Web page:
PUMP: A Programmable Unit for Metadata Processing

We introduce the Programmable Unit for Metadata Processing (PUMP), a novel software-hardware element that allows flexible computation with uninterpreted metadata alongside the main computation with modest impact on runtime performance (typically 10–40% for single policies, compared to metadata-free computation on 28 SPEC CPU2006 C, C++, and Fortran programs). While a host of prior work has illustrated the value of ad hoc metadata processing for specific policies, we introduce an architectural model for extensible, programmable metadata processing that can handle arbitrary metadata and arbitrary sets of software-defined rules in the spirit of the time-honored 0-1-∞ rule. Our results show that we can match or exceed the performance of dedicated hardware solutions that use metadata to enforce a single policy, while adding the ability to enforce multiple policies simultaneously and achieving flexibility comparable to software solutions for metadata processing. We demonstrate the PUMP by using it to support four diverse safety and security policies—spatial and temporal memory safety, code and data taint tracking, control-flow integrity including return-oriented-programming protection, and instruction/data separation—and quantify the performance they achieve, both singly and in combination.

Internet of Things

Developing Multiplayer Pervasive Games and Networked Interactive Installations Using Ad Hoc Mobile Sensor Nets

We present here Fun in Numbers (FinN,, a framework for developing pervasive applications and interactive installations for entertainment and educational purposes. Using ad hoc mobile wireless sensor network nodes as the enabling devices, FinN allows for the quick prototyping of applications that utilize input from multiple physical sources (sensors and other means of interfacing), by offering a set of programming templates and services, such as topology discovery, localization and synchronization, that hide the underlying complexity. We present the target application domains of FinN, along with a set of multiplayer games and interactive installations. We describe the overall architecture of our platform and discuss some key implementation issues of the application domains. Finally, we present the experience gained by deploying the applications developed with our platform.

Demo: Multiplayer Pervasive Games and Networked Interactive Installations Using Ad Hoc Mobile Sensor Networks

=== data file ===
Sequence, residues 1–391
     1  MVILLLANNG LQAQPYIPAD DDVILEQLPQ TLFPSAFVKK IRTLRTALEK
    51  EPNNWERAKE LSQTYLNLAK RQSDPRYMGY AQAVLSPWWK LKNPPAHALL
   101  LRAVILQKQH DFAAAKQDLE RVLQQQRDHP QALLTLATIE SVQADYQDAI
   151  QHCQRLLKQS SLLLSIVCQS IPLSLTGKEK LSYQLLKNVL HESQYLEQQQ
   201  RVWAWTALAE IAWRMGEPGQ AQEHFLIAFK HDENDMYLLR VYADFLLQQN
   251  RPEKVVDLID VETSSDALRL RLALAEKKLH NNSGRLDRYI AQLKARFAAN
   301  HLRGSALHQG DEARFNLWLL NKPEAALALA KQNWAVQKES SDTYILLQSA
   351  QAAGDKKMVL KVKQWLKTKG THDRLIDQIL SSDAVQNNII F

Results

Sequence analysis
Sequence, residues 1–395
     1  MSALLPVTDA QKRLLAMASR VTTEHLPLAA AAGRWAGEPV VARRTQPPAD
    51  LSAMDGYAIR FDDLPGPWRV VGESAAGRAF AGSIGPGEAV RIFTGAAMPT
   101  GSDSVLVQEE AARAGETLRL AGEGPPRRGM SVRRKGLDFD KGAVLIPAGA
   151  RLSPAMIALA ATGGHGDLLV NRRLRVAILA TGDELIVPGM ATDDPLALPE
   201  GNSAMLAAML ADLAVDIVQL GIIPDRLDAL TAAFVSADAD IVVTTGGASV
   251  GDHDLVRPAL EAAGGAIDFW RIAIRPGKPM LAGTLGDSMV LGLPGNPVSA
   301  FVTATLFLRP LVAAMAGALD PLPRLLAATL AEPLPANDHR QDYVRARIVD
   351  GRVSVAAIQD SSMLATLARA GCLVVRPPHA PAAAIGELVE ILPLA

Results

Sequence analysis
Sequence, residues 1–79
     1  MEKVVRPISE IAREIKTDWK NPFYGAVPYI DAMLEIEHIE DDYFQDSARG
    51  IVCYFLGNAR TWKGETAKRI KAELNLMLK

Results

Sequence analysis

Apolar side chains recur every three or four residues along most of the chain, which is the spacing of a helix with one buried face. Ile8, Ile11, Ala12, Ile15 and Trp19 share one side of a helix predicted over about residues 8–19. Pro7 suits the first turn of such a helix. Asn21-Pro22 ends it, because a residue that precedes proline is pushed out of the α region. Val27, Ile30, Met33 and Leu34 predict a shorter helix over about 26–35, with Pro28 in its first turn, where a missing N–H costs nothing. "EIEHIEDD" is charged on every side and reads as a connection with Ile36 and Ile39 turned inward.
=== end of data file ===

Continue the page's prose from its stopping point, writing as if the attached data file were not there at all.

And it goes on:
In this work, we showcase a set of implemented multiplayer games and interactive installations based on Fun in Numbers (FinN). FinN allows the quick prototyping of applications that utilize input from multiple physical sources (sensors and other means of interfacing), by offering a set of programming templates and services, such as proximity, localization and synchronization, that hide the underlying complexity.

Using wireless sensor networks to develop pervasive multi-player games

In this work we present two mobile, locative and collaborative distributed games that are played using wireless sensor devices. We briefly present the architecture of the two games and demonstrate their capabilities. The key characteristic of these games is that players interact with each other and their surrounding environment by moving, running and gesturing as a means to perform game related actions, using sensor devices. We demonstrate our system’s implementation, which uses a combination of JAVA Standard and Mobile editions.

A software platform for developing multi-player pervasive games using small programmable object technologies

As of 2008, the total number of mobile phone subscribers has well surpassed the number of 3 billion. Along with the increase in the number of subscribers, there has been an increase of the capabilities of such devices. The vast majority of the current generation of mobile phones are capable of executing J2ME applications. Moreover, manufacturers have started integrating various kinds of sensors into their handsets, e.g., accelerometers or thermistors. Therefore, there is already an existing user base using such devices, that is continually growing. It is our belief that there is great potential in combining sensors and mobile devices to produce exciting entertainment applications. Games have been a major part of the computer industry for the last decades, and are generally recognized as a means of pushing the technological boundaries, both in hardware and software. We expect that pervasive games will transform into a major application field for wireless sensor networks.


A Novel Application of Ubiquitous Computing Using Interactive Installations


Transactions in a Decentralized Control Plane of a Computing System


Network Function Virtualization: Don’t Give up on Least Privilege!

HandsFree: Next Generation Sequence Processing, Mapping and Analysis Made Easy